As the competition refines its next-generation technology and makes breakthroughs in materials science, it̵
Apple’s LiDAR technology gives us a glimpse into the future of home automation and Samsung has turned rigid smartphones into malleable objects, but now Google is. as soon as jumping on the wide angle camera wagon.
There are good reasons to keep things simple and cheap considering that most consumers remain resolutely focused on two smartphone features: price and battery life. Plus, flashy extras can seem like frivolous adventures for money-rich tech companies looking for some R&D tax breaks.
But Google’s somewhat dated approach to hardware doesn’t tell the full story. His work in AI, which manifests itself as the Google Assistant, brings me back to his devices. The recently announced Hold for Me feature is a perfect example of this.
The new service takes over when you are on hold and allows you to do something else while on hold in a call queue. As Google explains, AI is smart enough to recognize when the person on the other side has actually responded. “Hold for Me is based on Google’s Duplex technology, which not only recognizes music on hold, but also understands the difference between a recorded message (such as” Hello, thanks for waiting “) and an online representative. Once a representative is identified, the Google Assistant will notify you that someone is ready to speak and ask the representative to wait a moment while you return to the call. “
I was lucky enough to spend 20 minutes idly waiting for a customer rep at the local council this week while trying to fix a parking problem. It was as fun as it sounds. Being tied to my phone while I wait, paralyzed from doing anything else, is incredibly frustrating, not least because it’s a colossal waste of time. Google’s invention solves it. But most importantly, it gives you time back.
Making up for lost time is an incredibly valuable and powerful offer from Google. All smartphones save you time and make your life easier in some way, but only Google is innovating in the field of phone calls. Verified Calls tells you who is calling and because, saving time wasted from politely listening to spam spiels. Call Screen filters robo calls before the phone even rings and Duplex calls companies on your behalf if you want to book an appointment or a table in a restaurant.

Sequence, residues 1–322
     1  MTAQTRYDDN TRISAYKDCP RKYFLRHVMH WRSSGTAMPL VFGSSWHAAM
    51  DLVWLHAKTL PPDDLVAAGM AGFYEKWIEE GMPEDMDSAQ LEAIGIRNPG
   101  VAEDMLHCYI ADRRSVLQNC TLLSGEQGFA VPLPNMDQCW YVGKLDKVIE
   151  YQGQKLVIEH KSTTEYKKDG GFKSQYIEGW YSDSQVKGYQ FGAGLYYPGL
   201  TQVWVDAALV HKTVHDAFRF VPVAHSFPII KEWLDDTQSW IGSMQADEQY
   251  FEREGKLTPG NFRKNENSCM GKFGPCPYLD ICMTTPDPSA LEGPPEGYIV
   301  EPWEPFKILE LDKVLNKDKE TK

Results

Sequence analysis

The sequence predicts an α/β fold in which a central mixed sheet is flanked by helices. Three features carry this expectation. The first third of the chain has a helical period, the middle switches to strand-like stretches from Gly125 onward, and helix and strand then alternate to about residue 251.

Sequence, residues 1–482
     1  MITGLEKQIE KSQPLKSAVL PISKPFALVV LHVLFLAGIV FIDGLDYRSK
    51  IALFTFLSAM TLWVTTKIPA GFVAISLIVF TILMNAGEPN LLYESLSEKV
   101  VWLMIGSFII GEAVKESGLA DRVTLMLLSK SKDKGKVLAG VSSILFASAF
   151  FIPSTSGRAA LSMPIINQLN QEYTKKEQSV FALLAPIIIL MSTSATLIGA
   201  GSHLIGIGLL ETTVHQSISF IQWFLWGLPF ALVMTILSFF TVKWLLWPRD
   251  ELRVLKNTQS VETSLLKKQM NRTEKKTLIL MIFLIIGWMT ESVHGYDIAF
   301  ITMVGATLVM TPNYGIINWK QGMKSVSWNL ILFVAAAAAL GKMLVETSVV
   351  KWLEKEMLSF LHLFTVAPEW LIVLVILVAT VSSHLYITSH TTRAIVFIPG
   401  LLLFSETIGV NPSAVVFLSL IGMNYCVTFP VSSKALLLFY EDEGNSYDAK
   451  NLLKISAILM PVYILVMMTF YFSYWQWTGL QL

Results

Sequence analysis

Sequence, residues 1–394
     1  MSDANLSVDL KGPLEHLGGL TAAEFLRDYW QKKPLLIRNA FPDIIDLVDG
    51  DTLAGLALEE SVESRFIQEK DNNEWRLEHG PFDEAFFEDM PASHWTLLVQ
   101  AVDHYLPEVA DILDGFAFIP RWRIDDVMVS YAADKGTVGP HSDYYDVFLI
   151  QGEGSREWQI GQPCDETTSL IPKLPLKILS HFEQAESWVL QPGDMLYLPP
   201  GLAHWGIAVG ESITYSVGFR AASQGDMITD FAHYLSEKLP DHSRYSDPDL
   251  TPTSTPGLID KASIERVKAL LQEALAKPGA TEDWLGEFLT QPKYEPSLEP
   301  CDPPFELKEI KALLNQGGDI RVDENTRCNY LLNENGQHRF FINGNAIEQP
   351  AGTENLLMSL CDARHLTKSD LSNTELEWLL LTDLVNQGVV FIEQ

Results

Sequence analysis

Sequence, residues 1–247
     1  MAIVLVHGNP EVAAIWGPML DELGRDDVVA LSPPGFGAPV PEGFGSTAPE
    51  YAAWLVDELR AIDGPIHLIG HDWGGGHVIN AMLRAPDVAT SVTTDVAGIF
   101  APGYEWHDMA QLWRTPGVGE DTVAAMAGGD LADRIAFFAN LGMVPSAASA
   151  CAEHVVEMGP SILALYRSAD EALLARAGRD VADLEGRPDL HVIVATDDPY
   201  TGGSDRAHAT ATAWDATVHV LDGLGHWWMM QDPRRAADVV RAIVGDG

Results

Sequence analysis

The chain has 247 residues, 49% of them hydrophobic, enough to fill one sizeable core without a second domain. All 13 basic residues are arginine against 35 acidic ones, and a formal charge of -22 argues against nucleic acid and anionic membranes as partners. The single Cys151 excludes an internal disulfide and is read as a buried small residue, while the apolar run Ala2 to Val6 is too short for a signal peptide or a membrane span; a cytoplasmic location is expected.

While rivals work on the sound quality and stability of VoIP calls, Google is making the kind of technological advancements in phone calls that we see from others in hardware. Nobody else is doing it.
Google is nowhere near finished. It has yet to roll out these updates in new territories, and the research firm is constantly releasing free AI-focused features for existing Pixel phones and other devices, such as its Nest or Pixel Bud ranges (through its feature release schedule or simply in random way). Google’s work in artificial intelligence always offers this advantage to its devices.
Of course, you can experience the benefits of these updates on non-Pixel phones. But not all devices, including Apple’s iPhones, will have assistant-enabled calling features. Implementation can be slow on other Android devices as well.
Google’s Live Subtitles feature, for example, which translates voices to text and now works for phone calls, is only available on Pixel phones and “select Android phones,” including some Samsung phones. In short, if you want guaranteed access for everyone to the creations of Google’s crazy professors – and you want them right away – you’ll need to buy a Pixel.
That’s why I’m again trying to get back to a Pixel phone after being mesmerized by Samsung’s Galaxy Z Fold 2 for the past couple of weeks. The Korean company’s foldable phone is brilliant in many ways. Instant access to a large 7.6-inch display helped me rediscover the love of mobile games and video content. But if I have to choose between making up my time thanks to Google’s inventions or lazily losing it on YouTube, I’ll take the former.
Do you have a suggestion, thoughts, or something to complain about? Let me know.